While it’s easy to think of Windows 7 as a modern operating system, it was actually launched back in 2009. How long ago was that? 2009 was the year of the iPhone 3G, and the first Samsung Galaxy smart phone. Look at how much cell phone technology has changed in 10 years; can we say the same for Windows 7? After 10 years of support, Microsoft has announced that it will officially begin the Windows 7 end of life phase on January 14th 2020. This means that Microsoft will stop supporting Windows 7 and will no longer patch security holes in the Windows 7 operating system.
January 2020 will be here sooner than you know it. If not already underway, you should begin planning your migration strategy now. Starting the move away from Windows 7 with plenty of time in hand means it’s possible to think carefully about the entire IT ecosystem, and maybe do a much-needed general spring clean both on the hardware and software sides. But with only 3 months to go, it’s a vital time to make a fundamental shift.
The Business risk of being left behind
Windows 7 is still proving to be quite popular, despite its looming end date. It represents a significant number of desktops that are set to become vulnerable unless changes are made. Criminals will be ready to take advantage of desktops still running the Windows 7 Operating System and strike as soon as the end of support date arrives.
Exploitations such as WannaCry target outdated and unpatched operating systems. More than 98% of all WannaCry victims were using Windows 7 that did not have the latest patches installed. Windows 7 will become a large target for attackers after January, much the same as what happened with Windows XP.
Running an out of date operating system not only affects your business security, it can cause your business to fall out of government compliance. This includes provincial (PIPA), federal (PIPEDA) and international (GDPR) laws. Your data protection strategy should have these regulatory requirements built in. The new General Data Protection Regulation (GDPR) compliance laws from the European Union requires adequate safeguards for personal data. This regulation is designed to protect all EU citizens regardless of where your company is located. If you store, process or transmit personal data from any EU citizen, you will fall under GDPR regulations as well.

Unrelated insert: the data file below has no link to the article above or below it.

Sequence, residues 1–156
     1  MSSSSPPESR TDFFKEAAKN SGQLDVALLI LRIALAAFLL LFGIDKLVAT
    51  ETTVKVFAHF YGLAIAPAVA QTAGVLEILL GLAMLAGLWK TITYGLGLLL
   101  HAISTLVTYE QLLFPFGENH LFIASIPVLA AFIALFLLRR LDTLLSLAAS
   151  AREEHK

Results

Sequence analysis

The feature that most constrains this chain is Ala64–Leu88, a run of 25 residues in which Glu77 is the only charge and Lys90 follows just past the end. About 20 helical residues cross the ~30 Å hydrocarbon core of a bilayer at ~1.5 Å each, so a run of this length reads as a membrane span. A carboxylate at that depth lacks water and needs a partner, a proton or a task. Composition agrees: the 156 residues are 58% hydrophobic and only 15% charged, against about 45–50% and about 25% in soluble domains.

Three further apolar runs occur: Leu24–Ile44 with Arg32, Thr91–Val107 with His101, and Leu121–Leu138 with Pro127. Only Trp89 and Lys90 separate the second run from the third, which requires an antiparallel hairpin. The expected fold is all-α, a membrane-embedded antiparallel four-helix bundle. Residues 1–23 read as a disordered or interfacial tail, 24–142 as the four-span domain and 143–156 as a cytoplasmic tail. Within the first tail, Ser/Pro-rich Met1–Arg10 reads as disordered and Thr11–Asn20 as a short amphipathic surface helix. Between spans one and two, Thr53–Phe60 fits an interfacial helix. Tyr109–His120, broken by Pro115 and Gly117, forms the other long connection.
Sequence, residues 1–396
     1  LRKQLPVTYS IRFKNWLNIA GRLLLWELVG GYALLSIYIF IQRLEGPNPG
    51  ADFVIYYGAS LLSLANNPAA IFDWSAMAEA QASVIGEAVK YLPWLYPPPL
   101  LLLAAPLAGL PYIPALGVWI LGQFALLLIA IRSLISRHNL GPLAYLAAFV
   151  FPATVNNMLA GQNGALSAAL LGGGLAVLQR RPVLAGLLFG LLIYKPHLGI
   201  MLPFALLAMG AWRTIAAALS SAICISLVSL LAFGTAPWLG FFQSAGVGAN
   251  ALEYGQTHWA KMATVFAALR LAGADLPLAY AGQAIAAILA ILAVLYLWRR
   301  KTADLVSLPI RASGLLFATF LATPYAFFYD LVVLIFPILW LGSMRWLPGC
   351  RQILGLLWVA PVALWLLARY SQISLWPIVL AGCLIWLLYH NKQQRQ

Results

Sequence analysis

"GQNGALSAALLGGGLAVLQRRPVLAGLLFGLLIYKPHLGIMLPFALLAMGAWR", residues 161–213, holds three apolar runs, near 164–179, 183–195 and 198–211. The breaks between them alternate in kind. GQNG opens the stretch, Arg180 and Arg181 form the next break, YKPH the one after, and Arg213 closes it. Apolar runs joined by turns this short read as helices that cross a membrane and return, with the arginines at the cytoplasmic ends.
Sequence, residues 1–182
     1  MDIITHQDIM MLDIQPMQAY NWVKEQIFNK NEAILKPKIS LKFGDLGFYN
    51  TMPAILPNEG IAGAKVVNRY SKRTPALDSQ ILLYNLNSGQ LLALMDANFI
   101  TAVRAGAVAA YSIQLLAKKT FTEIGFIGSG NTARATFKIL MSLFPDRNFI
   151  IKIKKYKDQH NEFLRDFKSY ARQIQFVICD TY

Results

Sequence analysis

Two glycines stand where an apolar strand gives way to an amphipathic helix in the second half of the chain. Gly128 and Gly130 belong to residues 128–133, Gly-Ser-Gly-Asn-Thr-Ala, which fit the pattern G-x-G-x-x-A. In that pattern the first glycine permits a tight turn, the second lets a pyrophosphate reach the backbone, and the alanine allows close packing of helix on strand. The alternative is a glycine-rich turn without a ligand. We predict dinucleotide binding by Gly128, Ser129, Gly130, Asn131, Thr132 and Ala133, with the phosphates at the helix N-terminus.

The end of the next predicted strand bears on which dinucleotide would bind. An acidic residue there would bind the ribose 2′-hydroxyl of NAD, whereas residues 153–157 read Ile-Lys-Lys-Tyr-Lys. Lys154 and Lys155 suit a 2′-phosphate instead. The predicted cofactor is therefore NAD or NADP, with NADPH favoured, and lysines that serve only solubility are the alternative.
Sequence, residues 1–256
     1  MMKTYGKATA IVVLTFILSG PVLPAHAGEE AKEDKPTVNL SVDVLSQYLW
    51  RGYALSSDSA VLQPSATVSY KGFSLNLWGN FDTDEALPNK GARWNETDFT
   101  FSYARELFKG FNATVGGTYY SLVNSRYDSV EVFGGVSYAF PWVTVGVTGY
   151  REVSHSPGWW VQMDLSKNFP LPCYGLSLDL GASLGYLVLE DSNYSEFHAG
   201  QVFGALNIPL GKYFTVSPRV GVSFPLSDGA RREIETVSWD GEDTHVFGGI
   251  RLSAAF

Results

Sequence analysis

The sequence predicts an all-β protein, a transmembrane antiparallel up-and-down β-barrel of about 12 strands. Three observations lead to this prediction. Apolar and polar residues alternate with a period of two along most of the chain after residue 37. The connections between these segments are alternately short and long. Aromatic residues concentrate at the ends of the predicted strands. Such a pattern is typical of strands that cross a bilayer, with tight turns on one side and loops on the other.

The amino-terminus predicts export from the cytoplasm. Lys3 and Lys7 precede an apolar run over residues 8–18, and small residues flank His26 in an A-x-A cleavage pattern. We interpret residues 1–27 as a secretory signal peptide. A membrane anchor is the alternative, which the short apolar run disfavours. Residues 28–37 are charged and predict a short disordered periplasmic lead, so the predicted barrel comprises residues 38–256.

Upgrade or replace my Windows 7 systems
In general, systems manufactured after September 2015 or those that are a 6th generation processor should be compatible for an upgrade to Windows 10. Anything manufactured before July 2015 that is a 5th generation processor should be replaced.
There is a grey area for systems manufactured between July and September 2015. The recommended course of action is to replace any systems manufactured before September 2015 and upgrade any that were manufactured after that date.
An upgrade can be attempted on any system. However, if the upgraded hardware turns out to be problematic, the Windows 10 license would have automatically been registered to that computer’s unique CPU serial number. This means you will not be able to transfer or re-use it on a different system.
This is where it is important to understand and manage your upgrade strategies of what, how and when to upgrade.
What if I have systems that I can’t upgrade?
If you use your Windows 7 systems in a production capacity, you can potentially minimize the risk for these systems by locking them down. This can include restricting its’ Internet access, access to network resources, segregating them into their own network, or removing these systems from the network entirely. Many compromises originate from staff clicking a link either through the web browser or E-mail. Without direct Internet connectivity to the outside world, it makes it harder for these systems to be compromised.
If you have vendors and products that prevent you from upgrading, it is essential to initiate a conversation with them to create a strategy to deal with this. If your current vendor cannot offer the latest technology and security, it may be time to look at upgrading more than just Windows 7.
As long as you have Windows 7 systems on the network beyond January 14th, 2020 they will present a risk to your business. Even with proper network security in place, over time Windows 7 will only increase as a liability to your security until all Windows 7 devices are moved out of your network.
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